In May 2022, about 235,000 California undocumented immigrants over 50 will have access to Medi-Cal, the state’s public health insurance program. Signed in to law in July 2021 by Governor Gavin Newsom, this expansion of the program is the third wave of statewide legislative action targeted specifically at healthcare for California’s undocumented community.
According to a report published by the Public Policy Institute of California (PPIC), California is home to between 2 and 2.6 million undocumented immigrants. Health insurance for this community has been a long-standing policy concern – 46% of low-income undocumented immigrants are uninsured. During the COVID-19 pandemic, this population was hit especially hard because their immigration status limits their access to California’s safety-net programs.
“[COVID-19 has] made much more visible the magnitude of racial health disparities,” said Linda Nguy, a policy advocate for the Western Center on Law and Poverty, “disparities result in deadly outcomes for undocumented Californians who don’t have access to our safety net.”
In order to be eligible for Medi-Cal, an individual’s income must be under 138% of the Federal Poverty Level (FPL). Anyone in this group, regardless of immigration status, is eligible for restricted-scope Medi-Cal. This limited program is designed to give anyone access to emergency services who need it.
“If there is a life-threatening health condition, then it’s meant to stabilize, not necessarily actually treat the underlying cause of it,” said Nguy.
Restricted-scope Medi-Cal does not cover primary or specialty care and is only designed for emergency use. Conversely, full-scope Medi-Cal has much more robust coverage for medical care. Benefits include access to primary, dental, vision, and mental health care, as well as prescription drugs and addiction treatment.
California has previously expanded full-scope Medi-Cal coverage to undocumented income-eligible minors in 2015 with the Health4All Kids initiative, a group that expanded to include young adults through age 26 in 2019.
According to Nguy, the legislative move to target individuals over 50 for Medi-Cal eligibility was inspired by the young adults who received eligibility through previous Health4All programs. “There was prioritization among the community that they would have rather seen their parents or grandparents receive coverage.”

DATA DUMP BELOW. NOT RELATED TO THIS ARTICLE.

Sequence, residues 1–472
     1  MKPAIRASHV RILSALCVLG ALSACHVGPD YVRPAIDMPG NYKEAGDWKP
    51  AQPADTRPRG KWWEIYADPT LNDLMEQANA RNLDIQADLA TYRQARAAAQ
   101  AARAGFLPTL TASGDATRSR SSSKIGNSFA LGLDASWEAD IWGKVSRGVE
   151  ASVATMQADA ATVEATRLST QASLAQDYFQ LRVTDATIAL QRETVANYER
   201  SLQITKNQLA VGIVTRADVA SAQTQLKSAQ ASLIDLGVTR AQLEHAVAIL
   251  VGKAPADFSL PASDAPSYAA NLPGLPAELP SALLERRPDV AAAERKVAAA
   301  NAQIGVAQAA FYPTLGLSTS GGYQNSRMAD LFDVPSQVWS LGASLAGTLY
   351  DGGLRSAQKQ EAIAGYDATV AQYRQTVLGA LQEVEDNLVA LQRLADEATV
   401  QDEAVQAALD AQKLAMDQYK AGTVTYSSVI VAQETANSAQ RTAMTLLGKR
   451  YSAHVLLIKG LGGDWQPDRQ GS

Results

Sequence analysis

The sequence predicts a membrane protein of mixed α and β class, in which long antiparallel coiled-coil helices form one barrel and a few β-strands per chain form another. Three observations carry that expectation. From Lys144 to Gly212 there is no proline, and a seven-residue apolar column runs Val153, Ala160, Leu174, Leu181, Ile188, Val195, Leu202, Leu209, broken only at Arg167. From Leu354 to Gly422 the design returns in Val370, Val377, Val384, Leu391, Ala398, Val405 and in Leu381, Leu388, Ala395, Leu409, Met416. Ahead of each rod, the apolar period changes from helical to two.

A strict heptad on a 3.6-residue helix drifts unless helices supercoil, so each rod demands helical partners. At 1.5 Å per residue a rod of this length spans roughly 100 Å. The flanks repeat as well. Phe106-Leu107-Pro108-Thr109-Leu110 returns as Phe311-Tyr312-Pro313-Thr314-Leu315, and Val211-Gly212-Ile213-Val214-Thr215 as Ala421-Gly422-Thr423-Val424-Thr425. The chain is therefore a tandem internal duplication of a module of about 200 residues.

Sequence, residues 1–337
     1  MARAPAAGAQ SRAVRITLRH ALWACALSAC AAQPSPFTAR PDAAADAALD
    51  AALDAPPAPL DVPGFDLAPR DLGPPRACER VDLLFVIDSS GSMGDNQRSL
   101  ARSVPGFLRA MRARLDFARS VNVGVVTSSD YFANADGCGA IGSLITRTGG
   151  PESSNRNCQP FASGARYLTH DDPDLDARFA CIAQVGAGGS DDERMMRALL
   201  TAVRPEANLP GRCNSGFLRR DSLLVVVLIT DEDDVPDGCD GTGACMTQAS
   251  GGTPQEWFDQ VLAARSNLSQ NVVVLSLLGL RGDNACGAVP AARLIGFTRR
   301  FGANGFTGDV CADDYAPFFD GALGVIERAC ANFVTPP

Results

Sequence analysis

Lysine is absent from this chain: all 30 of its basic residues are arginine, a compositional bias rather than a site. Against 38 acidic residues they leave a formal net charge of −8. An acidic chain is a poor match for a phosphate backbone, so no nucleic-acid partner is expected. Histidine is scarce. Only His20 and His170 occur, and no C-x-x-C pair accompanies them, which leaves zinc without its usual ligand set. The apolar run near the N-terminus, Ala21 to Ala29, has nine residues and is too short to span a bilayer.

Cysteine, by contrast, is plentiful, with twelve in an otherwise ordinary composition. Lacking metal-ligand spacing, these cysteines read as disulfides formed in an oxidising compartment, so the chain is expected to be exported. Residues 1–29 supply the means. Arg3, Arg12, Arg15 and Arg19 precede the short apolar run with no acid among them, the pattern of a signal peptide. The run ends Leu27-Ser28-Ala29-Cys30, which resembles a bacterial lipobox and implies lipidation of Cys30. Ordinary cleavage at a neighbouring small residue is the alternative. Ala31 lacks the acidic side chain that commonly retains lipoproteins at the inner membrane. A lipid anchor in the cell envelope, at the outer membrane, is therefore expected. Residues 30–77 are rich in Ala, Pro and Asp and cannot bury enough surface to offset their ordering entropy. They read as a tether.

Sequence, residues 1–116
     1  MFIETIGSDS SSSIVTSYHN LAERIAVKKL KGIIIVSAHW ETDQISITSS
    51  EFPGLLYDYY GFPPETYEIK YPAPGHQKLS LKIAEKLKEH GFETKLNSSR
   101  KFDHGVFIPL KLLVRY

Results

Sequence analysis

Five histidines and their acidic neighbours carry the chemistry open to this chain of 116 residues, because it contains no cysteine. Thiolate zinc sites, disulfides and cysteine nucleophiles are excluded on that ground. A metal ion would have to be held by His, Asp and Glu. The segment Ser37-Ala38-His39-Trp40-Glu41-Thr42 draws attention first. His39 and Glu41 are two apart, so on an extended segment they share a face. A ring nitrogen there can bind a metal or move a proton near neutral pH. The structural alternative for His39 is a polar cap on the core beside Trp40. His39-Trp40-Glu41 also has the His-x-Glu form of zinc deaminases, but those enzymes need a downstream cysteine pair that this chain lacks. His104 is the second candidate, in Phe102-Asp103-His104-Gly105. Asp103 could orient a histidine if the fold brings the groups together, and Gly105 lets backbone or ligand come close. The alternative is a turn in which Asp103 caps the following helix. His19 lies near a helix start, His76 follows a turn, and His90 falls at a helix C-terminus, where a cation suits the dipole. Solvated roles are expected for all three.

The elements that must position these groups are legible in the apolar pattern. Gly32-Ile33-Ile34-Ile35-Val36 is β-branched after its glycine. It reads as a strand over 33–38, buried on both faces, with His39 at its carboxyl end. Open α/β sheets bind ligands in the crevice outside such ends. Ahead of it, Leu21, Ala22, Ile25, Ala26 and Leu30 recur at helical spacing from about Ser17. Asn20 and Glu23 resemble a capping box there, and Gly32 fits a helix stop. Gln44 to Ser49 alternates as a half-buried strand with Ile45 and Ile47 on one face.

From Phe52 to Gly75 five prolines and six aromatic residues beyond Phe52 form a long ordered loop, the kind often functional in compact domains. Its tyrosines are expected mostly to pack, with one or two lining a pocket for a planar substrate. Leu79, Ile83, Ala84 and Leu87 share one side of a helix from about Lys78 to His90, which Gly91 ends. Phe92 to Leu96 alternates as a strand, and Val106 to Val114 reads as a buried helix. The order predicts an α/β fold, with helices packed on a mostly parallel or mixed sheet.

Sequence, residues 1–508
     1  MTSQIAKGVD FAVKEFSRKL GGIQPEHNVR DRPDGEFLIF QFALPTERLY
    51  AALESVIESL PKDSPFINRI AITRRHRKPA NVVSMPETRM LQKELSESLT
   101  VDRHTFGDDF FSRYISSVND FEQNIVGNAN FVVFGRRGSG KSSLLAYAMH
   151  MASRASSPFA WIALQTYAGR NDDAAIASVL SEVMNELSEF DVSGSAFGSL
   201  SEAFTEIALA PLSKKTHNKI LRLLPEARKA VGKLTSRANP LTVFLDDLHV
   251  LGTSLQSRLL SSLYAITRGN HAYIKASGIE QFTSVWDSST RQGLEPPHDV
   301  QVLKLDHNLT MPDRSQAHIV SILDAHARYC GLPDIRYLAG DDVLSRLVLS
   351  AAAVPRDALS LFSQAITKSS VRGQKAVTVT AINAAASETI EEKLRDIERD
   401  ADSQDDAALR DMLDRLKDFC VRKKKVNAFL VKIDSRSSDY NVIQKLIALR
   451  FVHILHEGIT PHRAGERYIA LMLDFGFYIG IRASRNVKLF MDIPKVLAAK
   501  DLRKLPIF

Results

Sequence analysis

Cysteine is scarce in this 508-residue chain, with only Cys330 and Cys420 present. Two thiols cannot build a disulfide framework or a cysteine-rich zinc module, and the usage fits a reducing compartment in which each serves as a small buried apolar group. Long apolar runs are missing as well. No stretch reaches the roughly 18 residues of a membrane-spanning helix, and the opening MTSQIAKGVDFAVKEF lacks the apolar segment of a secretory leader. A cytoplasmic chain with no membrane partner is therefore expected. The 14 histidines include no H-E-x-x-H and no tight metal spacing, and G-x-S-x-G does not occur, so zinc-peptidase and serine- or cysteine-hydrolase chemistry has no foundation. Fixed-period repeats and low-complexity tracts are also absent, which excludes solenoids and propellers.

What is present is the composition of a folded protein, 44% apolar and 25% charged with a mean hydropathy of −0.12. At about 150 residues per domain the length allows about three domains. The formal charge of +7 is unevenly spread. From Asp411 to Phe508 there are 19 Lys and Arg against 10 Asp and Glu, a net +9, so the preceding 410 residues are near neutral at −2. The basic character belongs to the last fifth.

The impact of this expansion on California’s healthcare system is difficult to anticipate, according to Anna Gorman, director of community partnerships at the Los Angeles County Department of Health Services (LADHS). However, she says that many members of the undocumented population are already receiving care without great strain on the system.
“They may be going to safety net health systems like the Department of Health services, and they may be going to other public hospitals and clinics throughout the state – they are already receiving care at hospitals when necessary. So, it’s not as though we’re having this gigantic influx of people that we didn’t know about.”
Los Angeles County has programs like MyHealthLA that provide more expansive medical care than the restricted state option, regardless of insurance or immigration status. Despite these programs existing, the expansion of Medi-Cal will theoretically provide the most coverage.
“MyHealthLA is a pretty robust program,” said Gorman, “but it’s not health insurance.”
All income-eligible undocumented individuals over 50 that are already authorized for restricted-scope Medi-Cal will immediately roll over into full-scope Medi-Cal coverage in May 2022. The challenge is to reach the remaining income-eligible community that may have worries about enrolling.
“I do believe that there is still an aspect of trying to overcome a culture of fear when it comes to accessing public and social services,” said Phinney Ahn, executive director for Medi-Cal at L.A. Care Health Plan, “There were a lot of policies that were put in place over the last couple of years, including public charge.”
Public charge was a policy expanded under the Trump administration that said if an applicant for a visa or green card was found ‘likely’ to rely on government benefits in the future, that person would not receive a visa or green card. The Biden administration ended public charge in March 2021, but fears about the consequences of accessing public benefits may still linger.
In spite of this, Gorman remains confident that widespread outreach is possible. “There’s going to be really comprehensive outreach efforts between clinics, hospitals, advocacy organizations, immigrant rights organizations, to make sure that everybody knows that they’re eligible for this new Medi-Cal expansion.”
After the May 2022 expansion, the only group of income-eligible undocumented immigrants left uncovered are those 26 to 50, which is a large population.
“You build a bridge, that’s a one-time cost…This is an ongoing cost,” said Nguy, “but we think it’s important that all people are covered. The health system works better when all people are covered.”